What will you do with your tax break?

Some professors at Yale and Cornell have started a Web site to protest tax cuts for wealthy Americans, the Associated Press reports today.

“Extending the tax cuts for the very wealthiest Americans is frankly unconscionable,” Yale Law School professor Daniel Markovits told the AP today. “Donors can pledge their money to support the kinds of programs that will help families, create jobs, and set the country moving toward a just prosperity.”

Their Web site, Give It Back For Jobs, is a fairly bare-bones calculator to reveal what your tax cut is, and then provides links to charities that it says can use the cash.

Unfortunately, there doesn’t seem to be any mechanism for documenting how many people end up donating their tax cut, but the calculator is, nonetheless, a pretty interesting exercise that shows how much non-wealthy people are getting back, too.

An example (married filing jointly):

Adjusted Gross Income Amount of tax cut
$100 million $3,757,114
$1 million $29,962
$100,000 $2,810
$75,000 $792
$30,000 $1,136
$10,000 $258

It’s not entirely clear how many people will be eligible for these tax breaks, since we learned last year that almost half of all Americans don’t pay any federal income tax.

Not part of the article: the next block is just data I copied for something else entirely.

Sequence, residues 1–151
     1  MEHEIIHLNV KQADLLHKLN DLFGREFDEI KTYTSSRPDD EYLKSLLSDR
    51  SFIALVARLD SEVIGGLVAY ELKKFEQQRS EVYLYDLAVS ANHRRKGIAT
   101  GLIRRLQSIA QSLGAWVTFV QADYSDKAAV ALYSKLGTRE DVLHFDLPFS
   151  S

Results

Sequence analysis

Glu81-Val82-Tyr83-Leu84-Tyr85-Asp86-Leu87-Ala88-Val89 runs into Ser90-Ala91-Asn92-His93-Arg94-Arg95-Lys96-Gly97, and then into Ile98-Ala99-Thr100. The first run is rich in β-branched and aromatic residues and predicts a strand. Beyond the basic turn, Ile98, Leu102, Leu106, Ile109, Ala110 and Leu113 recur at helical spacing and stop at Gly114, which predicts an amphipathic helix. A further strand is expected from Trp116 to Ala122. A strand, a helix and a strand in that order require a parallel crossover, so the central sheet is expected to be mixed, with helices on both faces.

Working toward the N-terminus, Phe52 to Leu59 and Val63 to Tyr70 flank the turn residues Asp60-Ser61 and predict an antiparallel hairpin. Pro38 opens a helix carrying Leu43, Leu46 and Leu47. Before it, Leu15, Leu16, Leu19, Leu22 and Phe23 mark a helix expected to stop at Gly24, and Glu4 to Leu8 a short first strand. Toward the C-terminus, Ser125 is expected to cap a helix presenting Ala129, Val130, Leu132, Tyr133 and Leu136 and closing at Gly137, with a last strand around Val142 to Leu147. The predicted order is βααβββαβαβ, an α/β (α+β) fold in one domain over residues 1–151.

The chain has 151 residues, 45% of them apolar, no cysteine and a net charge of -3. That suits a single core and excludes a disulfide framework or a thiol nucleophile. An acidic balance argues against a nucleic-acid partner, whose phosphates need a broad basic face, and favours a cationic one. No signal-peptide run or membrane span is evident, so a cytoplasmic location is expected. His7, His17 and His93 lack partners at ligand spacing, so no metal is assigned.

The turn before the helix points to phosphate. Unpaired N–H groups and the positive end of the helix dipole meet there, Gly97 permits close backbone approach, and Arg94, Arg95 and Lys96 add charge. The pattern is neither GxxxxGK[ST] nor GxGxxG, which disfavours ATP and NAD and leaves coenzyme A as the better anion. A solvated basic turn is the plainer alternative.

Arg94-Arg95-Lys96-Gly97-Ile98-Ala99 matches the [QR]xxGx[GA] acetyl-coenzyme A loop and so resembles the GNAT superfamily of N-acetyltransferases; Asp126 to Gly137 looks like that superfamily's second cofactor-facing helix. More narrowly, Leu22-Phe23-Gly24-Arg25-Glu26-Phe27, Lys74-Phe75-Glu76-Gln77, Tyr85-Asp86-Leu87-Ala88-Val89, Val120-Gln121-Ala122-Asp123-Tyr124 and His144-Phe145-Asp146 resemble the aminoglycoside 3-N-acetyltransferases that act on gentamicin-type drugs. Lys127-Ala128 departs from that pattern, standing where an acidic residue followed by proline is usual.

What’s your plan for the money?

(Note: The calculations do not include a 2% reduction in the payroll tax.)

  • Kassie

    Won’t even cover the money I have to pay my now ex-husband each month.

  • http://fiddlyio.com Justin Heideman

    I’ll be saving it towards replacing our 17 year old Honda. I already increased my automatic bank transfer so I won’t even notice the difference.

  • John P.

    Groceries, clothing and the like. My wife has been out of work for quite a while now, so it will ease the pressure a bit. So, I guess I’ll use it to stimulate the economy. No need to thank me, I’m happy to do it. :-)

  • vjacobsen

    That’s a pretty interesting difference between $75k and $100k….

  • GregS

    According to Yale Office of Public Affairs and Communication, Yale has a tax-free endowment worth ………. (drum-roll please)….. $17.3 billion.

    Harvard holds a $26.4 billion tax-free endowment.

    Let’s start talking about the 21st Century instead of listening to tenured professors who are stuck in the mid-20th Century.

    In our era HALF of all investments are held by tax-free entities. Read that as pension funds, IRA’s and trusts like the Yale Endowment.

    That is why we have owe $13 Trillion in federal debt, not because the people who pay taxes are getting a small break.

  • Joanna

    I think my tax break just about covers my pay cut + healtch are co-pay increases, but I haven’t done the math yet.

  • Jennifer

    Well, considering my tax cut is far less than the making work pay tax credit that will not be offered this year, it doesn’t look like I get a tax break.

  • kennedy

    Not feeling sorry for most complaining about taxes. Do you have:

    Cable TV – $600/year

    Cell Phone – $900/year

    Try cutting these and you will come out ahead, unless you make over $100k. If the latter is true, you probably don’t qualify for financial pity.

  • GregS

    High-speed Internet – $800/year.

    (Lucky I don’t smoke) Cigarettes – $2,474/year.

    …and the list goes on.